The idea that people are guilty before they have actually done anything is hard to maintain for any philosophical system that is non-Platonic, that does not regard ‘humanity’, with the property of guilt, as prior to the existence of free individual human beings. The fact that the notion of the solidarity of the human race in original guilt is based on such a Platonic premise makes it unlikely that it was a New Testament view, or Paul’s view. A more plausible reading of Paul is that he saw the consequences of Adam’s sin as being those of suffering, death and estrangement from God for all his descendents. That is a fairly typical Jewish view. Paul had no recorded view that sin was transmitted by procreation, or that it involves the guilt, and therefore the death and irretrievable damnation of all who are not baptised. Such a belief is very difficult to reconcile with any plausible belief that God is revealed in Jesus to be a God of supreme love. It is therefore both factually and morally questionable.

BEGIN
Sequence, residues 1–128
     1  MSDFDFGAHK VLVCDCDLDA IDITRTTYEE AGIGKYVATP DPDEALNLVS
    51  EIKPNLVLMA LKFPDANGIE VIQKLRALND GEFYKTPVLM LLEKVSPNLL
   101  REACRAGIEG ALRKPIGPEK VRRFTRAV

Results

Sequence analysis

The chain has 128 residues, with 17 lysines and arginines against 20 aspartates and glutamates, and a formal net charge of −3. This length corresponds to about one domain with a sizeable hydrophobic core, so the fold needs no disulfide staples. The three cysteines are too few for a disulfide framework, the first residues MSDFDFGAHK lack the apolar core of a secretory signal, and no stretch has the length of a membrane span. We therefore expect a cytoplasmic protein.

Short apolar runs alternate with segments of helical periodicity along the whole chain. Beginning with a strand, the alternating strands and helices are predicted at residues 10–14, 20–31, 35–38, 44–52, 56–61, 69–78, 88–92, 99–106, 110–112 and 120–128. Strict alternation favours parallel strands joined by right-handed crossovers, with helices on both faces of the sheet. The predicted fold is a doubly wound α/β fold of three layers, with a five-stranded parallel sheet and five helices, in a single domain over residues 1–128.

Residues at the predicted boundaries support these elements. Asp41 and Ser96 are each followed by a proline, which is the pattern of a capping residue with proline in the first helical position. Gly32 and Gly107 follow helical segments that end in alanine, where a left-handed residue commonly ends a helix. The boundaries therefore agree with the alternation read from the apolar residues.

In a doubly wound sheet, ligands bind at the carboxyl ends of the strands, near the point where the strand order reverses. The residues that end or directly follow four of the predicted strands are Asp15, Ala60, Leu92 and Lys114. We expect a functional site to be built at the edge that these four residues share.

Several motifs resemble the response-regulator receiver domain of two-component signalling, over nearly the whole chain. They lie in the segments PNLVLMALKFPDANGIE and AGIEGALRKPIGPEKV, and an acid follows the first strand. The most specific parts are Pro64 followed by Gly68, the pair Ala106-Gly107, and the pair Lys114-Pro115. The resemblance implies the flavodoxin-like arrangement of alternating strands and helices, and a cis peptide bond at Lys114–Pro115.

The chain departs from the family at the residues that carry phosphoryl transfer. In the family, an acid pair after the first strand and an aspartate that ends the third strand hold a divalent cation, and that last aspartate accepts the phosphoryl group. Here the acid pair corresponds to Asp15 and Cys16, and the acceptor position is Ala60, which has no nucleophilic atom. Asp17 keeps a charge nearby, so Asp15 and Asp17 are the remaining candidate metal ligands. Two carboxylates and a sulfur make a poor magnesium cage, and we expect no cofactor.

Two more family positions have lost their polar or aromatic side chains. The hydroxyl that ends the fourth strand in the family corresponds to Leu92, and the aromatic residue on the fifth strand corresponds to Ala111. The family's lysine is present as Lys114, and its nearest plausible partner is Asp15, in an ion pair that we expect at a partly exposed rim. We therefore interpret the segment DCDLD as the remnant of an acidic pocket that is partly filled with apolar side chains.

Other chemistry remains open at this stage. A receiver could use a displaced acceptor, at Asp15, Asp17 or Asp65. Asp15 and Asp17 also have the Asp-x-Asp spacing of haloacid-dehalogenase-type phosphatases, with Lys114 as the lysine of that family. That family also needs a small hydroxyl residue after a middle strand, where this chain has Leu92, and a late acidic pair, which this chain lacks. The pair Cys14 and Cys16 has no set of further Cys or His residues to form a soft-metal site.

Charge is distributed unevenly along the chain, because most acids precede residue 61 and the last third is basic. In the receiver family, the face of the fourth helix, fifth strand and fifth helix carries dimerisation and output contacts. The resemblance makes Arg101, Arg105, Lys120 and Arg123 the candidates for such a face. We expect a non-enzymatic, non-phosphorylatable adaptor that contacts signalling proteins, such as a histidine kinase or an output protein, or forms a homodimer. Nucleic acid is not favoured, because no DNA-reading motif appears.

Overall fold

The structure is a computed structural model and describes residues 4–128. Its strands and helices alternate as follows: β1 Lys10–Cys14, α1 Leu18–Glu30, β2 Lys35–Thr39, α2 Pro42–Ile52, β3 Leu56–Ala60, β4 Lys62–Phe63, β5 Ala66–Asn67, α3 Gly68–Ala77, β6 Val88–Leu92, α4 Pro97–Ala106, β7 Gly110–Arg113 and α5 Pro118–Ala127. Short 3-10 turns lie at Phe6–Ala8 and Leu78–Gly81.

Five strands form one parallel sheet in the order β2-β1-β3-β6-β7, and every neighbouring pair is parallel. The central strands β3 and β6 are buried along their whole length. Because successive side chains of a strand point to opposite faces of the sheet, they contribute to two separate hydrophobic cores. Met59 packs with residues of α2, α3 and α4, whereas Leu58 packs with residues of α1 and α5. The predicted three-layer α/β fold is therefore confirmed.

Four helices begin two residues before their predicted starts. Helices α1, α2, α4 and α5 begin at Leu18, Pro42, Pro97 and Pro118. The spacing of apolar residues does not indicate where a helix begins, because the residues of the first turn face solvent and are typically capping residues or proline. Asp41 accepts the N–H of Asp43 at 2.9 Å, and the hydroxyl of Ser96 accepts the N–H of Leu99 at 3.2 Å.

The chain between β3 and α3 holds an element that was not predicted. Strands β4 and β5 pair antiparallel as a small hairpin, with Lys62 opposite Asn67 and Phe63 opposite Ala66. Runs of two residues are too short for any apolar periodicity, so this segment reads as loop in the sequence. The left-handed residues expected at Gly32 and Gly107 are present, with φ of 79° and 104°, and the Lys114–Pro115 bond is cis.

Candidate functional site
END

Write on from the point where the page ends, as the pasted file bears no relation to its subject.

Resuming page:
The doctrine of original sin will have to be re-thought in the light of modern knowledge of genetics, of the evolutionary development of humans from earlier species that suffered and died long before any human committed any sin, and of a general rejection of Platonic thought.
We could still speak of an estrangement of the world from God that is a consequence of the willed acts of our ancestors, and that needs to be countered by divine grace if humans are to attain their destiny of sharing in the divine life. But the doctrine – the developed doctrine of solidarity in sinning, not just in the consequences of sin, of transmission by procreation, and of the penalty of eternal retribution - was itself a re-thinking and development of a Pauline insight that human beings are alienated from God and unable to love fully and truly, even though they remain morally free and under obligation. The medieval re-thinking seems to me a particularly unfortunate one, and to be a definite regression from earlier non-Augustinian views that, though the wages of sin is death, God offers life to all who will freely accept it. To put it bluntly, unbaptised babies are not, as Dante supposed, deprived of the vision of God forever. The divine will for all of us, without exception, remains that we should become sharers in the divine life (1 Peter 1, 4), and a loving God will deprive none of that possibility.